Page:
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{ Category Archives } Computing

Gurobi software now available for download

I am behind Erwin Kalvelagen, who writes an extremely useful blog where many challenging modeling problems are solved (this is one of my “must read” blogs), in announcing that Gurobi’s standalone software is now available.  I particularly like that the trial version is 500 variables and 500 constraints, which is large enough to see how […]

Microsoft Solver Foundation: YAML?

Is the Microsoft Solver Foundation Yet Another Modeling Language? I have some views at the INFORMS Practice Conference Blog. Best part of the workshop: the tagline “The Right Decision”. Perhaps INFORMS should have used that instead of “The Science of Better”. Microsoft Solver Foundation became public late in 2008, and I have been curious what […]

Test Gurobi yourself!

In keeping with an unusually awesome collection of comments, Daniel Fylstra of Frontline Systems wrote regarding the new linear/integer programming software from Gurobi (apologies for the self-linking, but, hey!, it’s my blog!): Although Gurobi Optimization plans to offer the Gurobi Solver directly (with its own APIs and tool set) starting in April, it’s available in […]

What stops you from using Open Source in Operations Research?

In the discussion of CPLEX versus Gurobi software, the discussion took an interesting turn when it came to open source (like that of COIN-OR).  Sebastian, bemoaning the cost of commercial packages such as CPLEX said: I think another long-term way to make OR feasible in situations where the cost of Cplex cannot be justified is […]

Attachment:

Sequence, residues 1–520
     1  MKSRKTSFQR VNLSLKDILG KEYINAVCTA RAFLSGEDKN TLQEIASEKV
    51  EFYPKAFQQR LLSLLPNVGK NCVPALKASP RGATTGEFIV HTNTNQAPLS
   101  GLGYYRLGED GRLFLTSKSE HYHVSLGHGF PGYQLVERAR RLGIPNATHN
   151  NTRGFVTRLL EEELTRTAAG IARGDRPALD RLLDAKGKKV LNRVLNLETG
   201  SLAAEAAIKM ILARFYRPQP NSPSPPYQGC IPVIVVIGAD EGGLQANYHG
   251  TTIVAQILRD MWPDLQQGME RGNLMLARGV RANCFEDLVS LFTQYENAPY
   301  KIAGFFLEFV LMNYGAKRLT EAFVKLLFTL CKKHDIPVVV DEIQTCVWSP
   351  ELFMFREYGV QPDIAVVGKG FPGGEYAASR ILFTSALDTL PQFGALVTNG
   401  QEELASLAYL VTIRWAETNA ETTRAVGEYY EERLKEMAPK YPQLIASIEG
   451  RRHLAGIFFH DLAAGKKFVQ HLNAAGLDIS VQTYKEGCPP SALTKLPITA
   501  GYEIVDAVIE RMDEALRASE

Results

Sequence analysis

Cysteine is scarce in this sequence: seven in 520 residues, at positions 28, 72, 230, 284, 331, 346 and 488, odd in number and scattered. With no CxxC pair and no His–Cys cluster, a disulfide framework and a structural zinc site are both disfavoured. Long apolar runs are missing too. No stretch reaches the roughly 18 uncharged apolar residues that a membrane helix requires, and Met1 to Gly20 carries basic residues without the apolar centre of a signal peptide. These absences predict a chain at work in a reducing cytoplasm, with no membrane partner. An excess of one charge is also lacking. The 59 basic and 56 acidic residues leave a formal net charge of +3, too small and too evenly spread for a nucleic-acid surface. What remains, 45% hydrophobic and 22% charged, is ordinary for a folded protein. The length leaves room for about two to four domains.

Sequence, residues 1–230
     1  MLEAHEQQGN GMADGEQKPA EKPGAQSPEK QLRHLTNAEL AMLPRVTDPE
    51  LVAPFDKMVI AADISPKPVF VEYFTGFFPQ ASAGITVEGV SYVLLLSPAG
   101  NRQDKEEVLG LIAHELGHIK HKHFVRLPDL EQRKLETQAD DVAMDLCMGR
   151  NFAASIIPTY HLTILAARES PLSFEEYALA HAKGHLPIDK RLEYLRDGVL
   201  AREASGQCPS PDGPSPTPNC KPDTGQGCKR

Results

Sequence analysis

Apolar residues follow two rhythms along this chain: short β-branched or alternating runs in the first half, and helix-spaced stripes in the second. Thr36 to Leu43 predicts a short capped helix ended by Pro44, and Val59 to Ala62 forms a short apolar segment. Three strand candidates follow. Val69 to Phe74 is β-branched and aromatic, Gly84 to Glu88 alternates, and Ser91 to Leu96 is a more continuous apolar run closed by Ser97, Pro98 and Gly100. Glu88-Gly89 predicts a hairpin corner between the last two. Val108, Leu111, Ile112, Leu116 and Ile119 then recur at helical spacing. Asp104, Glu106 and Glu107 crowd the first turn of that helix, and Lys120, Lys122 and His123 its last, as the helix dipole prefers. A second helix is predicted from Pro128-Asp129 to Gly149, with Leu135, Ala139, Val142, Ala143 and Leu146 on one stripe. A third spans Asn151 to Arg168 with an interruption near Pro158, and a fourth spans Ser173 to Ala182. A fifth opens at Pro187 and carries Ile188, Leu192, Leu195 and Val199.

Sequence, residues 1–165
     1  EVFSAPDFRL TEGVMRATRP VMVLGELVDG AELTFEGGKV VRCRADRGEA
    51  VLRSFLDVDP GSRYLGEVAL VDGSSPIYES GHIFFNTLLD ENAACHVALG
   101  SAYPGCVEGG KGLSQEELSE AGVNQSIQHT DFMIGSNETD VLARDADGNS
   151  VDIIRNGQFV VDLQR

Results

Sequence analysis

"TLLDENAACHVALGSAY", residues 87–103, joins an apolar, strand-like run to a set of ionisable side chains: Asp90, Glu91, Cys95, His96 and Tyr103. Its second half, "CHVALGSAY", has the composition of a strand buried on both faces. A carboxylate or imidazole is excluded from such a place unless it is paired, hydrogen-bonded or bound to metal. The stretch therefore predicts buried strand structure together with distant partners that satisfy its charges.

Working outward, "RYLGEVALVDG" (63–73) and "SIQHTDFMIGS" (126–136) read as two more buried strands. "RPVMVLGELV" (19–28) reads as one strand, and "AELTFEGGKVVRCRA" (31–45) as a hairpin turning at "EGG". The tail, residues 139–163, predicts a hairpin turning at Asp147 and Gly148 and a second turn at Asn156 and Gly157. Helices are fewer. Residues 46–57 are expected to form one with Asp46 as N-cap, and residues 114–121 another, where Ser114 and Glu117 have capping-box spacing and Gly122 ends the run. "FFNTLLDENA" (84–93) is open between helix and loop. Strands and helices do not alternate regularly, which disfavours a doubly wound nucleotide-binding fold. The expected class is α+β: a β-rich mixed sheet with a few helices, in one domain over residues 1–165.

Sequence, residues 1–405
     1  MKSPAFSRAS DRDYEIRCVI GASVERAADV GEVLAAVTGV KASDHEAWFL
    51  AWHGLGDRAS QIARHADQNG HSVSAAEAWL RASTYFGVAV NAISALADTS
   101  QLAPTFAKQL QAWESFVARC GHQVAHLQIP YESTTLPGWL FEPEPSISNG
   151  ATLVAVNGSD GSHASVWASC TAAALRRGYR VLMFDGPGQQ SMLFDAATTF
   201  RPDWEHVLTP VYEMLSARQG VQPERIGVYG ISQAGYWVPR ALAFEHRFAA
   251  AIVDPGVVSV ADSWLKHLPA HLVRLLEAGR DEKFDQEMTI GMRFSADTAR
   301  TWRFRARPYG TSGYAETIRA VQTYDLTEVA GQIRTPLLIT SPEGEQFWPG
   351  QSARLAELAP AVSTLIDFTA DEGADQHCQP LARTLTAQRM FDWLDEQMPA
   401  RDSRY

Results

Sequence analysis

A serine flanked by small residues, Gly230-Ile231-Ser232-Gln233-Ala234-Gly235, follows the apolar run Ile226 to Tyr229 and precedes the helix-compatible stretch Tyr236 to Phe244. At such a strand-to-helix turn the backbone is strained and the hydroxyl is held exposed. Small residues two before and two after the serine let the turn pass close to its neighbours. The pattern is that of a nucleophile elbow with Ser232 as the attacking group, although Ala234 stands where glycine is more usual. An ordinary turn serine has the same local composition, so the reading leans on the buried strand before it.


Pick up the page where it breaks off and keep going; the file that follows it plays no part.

Gurobi versus CPLEX benchmarks

Hans Mittelmann has released some benchmark results comparing CPLEX 11.2 with the first version of Gurobi‘s code (1.02) in both sequential and parallel (4 processor) mode.  Mosek’s sequential code is also included in the test.  Let me highlight some of the lines: ================================================================= s problem CPLEX1 GUROBI1 MOSEK1 CPLEX4 GUROBI4 —————————————————————– air04 9 18 49 […]

Bugs and Modeling

The web was all abuzz on December 31 as the 30Gig version of the Microsoft Zune players all stopped working.  What was up?  Was it a terrorist attack?  Solar flares?  A weird Y2K bug almost a decade later? The truth is a bit prosaic:  there was simply a bug related to leap years.  Since the […]

How far does Santa Travel?

As we all know, Santa Claus has to visit every (good) little girl and boy all in one night.  Fortunately, due to the time zones, he has about 24 hours to do so.  Now the earth is about 25,000 miles around, so he could zip around the earth in that distance (as an aside, I […]

Need for Parallelism

The operations research world is crying out for better parallel approaches to our problems. Note that for $10,000, you can buy a NVIDIA Tesla Personal Supercomputer, with speeds up to 4 teraflops (which, unless I am reading the graph wrong, easily puts it in the top 500 supercomputers at Top 500). The catch? You get […]

Knuth and Multicore Systems

Donald Knuth has been publishing “fascicles” from his Volume 4 (Combinatorial Algorithms) of his epic The Art of Computer Programming. These are shortish (100-150 page) sub-chapters of a work on an area that expands faster than Don can write. You can download some of the preliminary versions on Knuth’s page to get the flavor. Knuth […]

ILOG Optimization Decision Manager Hands On

I sat through (OK, half of) the ILOG workshop on their Optimization Decision Manager.  The ILOG ODM can be seen as a front-end to the rest of the ILOG Optimization systems (like OPL).  I would think of it as a super-sized way of doing version control and what-if analysis.  I use ILOG software in a […]